T&E Litigation Update – Cohen v. Attorney General

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Mark E. Swirbalus, Esq., Day Pitney LLP

The T&E Litigation Update is a recurring column summarizing recent trusts and estates case law. If you have question about this update or about T&E litigation generally, please feel free to e-mail the author by clicking on his name above.

Cohen v. Attorney General

In Cohen v. Attorney General, Case No. 11-11500-NMG, 2011 U.S. Dist. LEXIS 120336 (D. Mass. Oct. 18,2011), the federal district court dismissed an action brought by Jillian Cohen, purporting to act in her capacity as “Full Statutory Administratrix” of the estate of the decedent, effectively seeking federal court review of two state court dismissals of her previous suit for alleged negligence, products liability and wrongful death.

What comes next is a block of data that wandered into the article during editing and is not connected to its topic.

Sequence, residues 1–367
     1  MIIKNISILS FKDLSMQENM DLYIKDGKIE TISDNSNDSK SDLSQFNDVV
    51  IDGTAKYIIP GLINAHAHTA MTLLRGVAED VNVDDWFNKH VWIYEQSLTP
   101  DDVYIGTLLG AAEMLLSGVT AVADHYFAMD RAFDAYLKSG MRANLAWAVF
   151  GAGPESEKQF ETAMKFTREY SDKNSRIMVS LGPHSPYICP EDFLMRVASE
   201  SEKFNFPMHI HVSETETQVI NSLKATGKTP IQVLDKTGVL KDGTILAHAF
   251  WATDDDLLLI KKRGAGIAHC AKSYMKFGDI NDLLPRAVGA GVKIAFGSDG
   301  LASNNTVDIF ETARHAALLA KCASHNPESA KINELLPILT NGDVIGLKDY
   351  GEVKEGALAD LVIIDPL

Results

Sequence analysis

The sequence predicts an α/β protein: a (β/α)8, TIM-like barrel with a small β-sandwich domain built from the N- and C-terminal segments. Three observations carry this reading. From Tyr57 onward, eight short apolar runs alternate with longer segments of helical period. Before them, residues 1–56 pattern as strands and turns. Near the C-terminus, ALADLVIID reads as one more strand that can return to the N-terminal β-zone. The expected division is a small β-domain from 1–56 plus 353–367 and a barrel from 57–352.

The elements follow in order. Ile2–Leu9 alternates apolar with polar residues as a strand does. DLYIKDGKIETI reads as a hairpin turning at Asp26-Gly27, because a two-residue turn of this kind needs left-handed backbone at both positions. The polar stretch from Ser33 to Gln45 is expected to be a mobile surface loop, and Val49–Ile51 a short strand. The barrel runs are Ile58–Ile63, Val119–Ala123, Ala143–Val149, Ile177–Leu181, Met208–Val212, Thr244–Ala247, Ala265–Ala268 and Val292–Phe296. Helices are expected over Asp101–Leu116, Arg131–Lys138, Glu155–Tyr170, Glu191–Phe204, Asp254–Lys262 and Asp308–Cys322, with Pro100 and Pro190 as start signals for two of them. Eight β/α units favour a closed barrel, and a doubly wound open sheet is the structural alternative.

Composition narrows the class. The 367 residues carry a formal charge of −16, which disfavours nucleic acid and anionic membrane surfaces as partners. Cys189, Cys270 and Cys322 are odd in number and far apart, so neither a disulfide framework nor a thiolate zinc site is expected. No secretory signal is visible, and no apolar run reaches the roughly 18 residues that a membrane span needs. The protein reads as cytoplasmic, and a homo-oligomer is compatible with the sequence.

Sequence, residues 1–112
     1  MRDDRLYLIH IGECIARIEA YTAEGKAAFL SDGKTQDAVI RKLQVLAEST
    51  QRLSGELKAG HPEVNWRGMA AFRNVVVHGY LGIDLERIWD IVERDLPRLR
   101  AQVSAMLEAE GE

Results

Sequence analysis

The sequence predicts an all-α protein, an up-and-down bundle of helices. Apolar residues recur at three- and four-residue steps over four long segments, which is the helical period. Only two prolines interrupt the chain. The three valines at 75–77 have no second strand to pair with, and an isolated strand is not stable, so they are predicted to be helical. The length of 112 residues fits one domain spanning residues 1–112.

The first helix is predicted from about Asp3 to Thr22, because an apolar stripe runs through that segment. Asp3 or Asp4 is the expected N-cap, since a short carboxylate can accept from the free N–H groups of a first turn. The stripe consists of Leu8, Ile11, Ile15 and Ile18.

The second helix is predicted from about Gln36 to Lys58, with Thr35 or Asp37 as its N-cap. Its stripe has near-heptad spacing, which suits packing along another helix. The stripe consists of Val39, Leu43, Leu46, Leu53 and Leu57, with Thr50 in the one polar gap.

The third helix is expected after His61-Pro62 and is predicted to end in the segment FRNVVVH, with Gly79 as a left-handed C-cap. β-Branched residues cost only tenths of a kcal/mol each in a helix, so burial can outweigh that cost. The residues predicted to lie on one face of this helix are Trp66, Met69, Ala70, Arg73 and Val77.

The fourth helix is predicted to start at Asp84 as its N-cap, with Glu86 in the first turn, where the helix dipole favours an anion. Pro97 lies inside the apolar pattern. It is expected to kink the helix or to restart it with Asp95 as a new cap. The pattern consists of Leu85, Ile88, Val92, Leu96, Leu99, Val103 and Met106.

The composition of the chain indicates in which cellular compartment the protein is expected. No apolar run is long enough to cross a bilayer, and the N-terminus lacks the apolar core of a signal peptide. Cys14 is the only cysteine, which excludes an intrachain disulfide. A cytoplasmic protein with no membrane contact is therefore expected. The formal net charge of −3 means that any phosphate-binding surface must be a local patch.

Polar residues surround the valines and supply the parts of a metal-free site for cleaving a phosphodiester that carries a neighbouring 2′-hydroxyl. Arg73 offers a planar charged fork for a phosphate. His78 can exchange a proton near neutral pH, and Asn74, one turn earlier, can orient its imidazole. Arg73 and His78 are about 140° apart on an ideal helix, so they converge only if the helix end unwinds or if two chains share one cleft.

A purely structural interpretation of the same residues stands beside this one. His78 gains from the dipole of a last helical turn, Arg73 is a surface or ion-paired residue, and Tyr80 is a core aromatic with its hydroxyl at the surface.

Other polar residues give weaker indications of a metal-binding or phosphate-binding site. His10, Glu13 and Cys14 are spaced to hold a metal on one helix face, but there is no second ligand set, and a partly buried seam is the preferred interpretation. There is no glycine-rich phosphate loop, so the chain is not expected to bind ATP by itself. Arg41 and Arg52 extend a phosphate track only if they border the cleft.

In dismissing the case on a motion brought by the Attorney General on other grounds, the court offered the following commentary on the plaintiff’s inability to pursue the action pro se on behalf of the estate:

“Notwithstanding that Cohen may have authority to act based on her appointment as Administratrix, that is not sufficient to permit her to represent the interest of the Estate, where she is not a duly-licensed attorney admitted to practice in this Court. Although 28 U.S.C. § 1654 permits persons to proceed pro se, this provision does not allow unlicensed [sic] lay people to represent other pro se litigants. See Feliciano v. DuBois, 846 F. Supp. 1033, 1039(D. Mass. 1994); Eagle Assocs. v. Bank of Montreal, 926 F.2d 1305,1308 (2d Cir. 1991). Additionally, this Court’s Local Rules do not provide such authorization. See District of Massachusetts Local Rule 83.5.3(c), providing that “[a] person who is not a member of the bar of this court, and to whom sections (a) and (b) are not applicable, will be allowed to appear and practice before the court only in his own behalf.” Id.  See also Pridgen v. Andresen, 113 F.3d 391, 393 (2d Cir. 1997) (holding that “an administratrix or executrix of an estate may not proceed pro se when the estate has beneficiaries or creditors other than the litigant.”).  Here, it appears that there are several beneficiaries and/or creditors, and thus claims inuring to the Estate…may only be prosecuted in this Court by duly-licensed counsel.”

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